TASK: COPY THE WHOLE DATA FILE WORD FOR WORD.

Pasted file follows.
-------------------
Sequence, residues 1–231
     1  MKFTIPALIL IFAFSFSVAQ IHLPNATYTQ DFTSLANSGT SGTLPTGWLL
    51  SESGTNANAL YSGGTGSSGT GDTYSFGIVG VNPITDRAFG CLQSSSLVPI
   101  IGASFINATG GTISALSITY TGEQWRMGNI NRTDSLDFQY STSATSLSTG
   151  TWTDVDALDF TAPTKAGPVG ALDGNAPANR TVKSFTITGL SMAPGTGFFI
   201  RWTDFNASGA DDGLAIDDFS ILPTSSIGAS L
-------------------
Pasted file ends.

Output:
Sequence, residues 1–231
     1  MKFTIPALIL IFAFSFSVAQ IHLPNATYTQ DFTSLANSGT SGTLPTGWLL
    51  SESGTNANAL YSGGTGSSGT GDTYSFGIVG VNPITDRAFG CLQSSSLVPI
   101  IGASFINATG GTISALSITY TGEQWRMGNI NRTDSLDFQY STSATSLSTG
   151  TWTDVDALDF TAPTKAGPVG ALDGNAPANR TVKSFTITGL SMAPGTGFFI
   201  RWTDFNASGA DDGLAIDDFS ILPTSSIGAS L